Find an integer d such that the equation x^3 + 4x^2 - 9x + d = 0 has two roots that are additive inverses of each other.

Does anyone know how to do this?

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- Sep 28th 2008, 07:28 PMjuldancersolving polynomial
Find an integer d such that the equation x^3 + 4x^2 - 9x + d = 0 has two roots that are additive inverses of each other.

Does anyone know how to do this? - Sep 28th 2008, 07:42 PMJhevon
yup

first recall what additive inverses are. the additive inverse of a number $\displaystyle a$ is $\displaystyle -a$.

also recall that a cubic where the coefficient of $\displaystyle x^3$ is 1 can be written as $\displaystyle (x - r_1)(x - r_2)(x - r_3) = 0$ where $\displaystyle r_1,r_2, $ and $\displaystyle r_3$ are the roots (not necessarily all real) of the equation.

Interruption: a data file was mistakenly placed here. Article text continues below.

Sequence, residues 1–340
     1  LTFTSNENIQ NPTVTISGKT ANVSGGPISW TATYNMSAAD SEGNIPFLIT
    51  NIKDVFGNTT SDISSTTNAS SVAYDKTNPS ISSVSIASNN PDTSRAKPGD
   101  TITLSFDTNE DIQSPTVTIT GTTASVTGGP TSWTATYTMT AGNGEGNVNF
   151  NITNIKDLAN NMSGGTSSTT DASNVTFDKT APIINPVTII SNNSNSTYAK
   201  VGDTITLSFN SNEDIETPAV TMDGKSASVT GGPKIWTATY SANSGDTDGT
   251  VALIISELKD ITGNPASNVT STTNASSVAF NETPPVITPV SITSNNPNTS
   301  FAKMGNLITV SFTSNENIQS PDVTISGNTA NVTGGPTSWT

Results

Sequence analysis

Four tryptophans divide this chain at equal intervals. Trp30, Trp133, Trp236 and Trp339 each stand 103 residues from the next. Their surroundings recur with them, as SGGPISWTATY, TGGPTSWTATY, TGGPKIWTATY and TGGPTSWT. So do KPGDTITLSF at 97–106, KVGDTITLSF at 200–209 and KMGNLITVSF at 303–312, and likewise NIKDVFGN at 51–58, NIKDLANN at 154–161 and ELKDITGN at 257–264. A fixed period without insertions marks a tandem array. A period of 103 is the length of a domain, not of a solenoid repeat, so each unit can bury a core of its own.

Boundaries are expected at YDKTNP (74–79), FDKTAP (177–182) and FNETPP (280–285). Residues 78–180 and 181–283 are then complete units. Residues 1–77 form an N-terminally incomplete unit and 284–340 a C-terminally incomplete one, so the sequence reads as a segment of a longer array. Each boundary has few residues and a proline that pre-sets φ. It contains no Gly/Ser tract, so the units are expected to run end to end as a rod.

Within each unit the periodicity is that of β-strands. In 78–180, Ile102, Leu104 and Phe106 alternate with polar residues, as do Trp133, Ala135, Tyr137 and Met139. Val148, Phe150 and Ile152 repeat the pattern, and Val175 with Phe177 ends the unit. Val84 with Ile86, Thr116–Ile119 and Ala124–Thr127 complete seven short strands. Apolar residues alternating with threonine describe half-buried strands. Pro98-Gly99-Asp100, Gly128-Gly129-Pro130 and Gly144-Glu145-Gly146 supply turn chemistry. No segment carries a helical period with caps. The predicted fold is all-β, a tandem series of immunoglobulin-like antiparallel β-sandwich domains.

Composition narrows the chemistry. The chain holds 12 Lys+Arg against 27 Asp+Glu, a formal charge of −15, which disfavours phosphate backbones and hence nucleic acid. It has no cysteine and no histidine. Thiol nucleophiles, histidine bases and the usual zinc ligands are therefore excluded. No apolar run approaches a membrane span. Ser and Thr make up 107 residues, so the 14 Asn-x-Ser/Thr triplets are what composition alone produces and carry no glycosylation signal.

so let $\displaystyle a$ and $\displaystyle -a$ be the two special roots. call the other root $\displaystyle b$. thus we have

$\displaystyle (x - a)(x + a)(x - b) = 0$

$\displaystyle \Rightarrow x^3 - bx^2 - a^2 x + ab = 0$

now equate coefficients to get the values of $\displaystyle a$ and $\displaystyle b$, and hence find $\displaystyle d$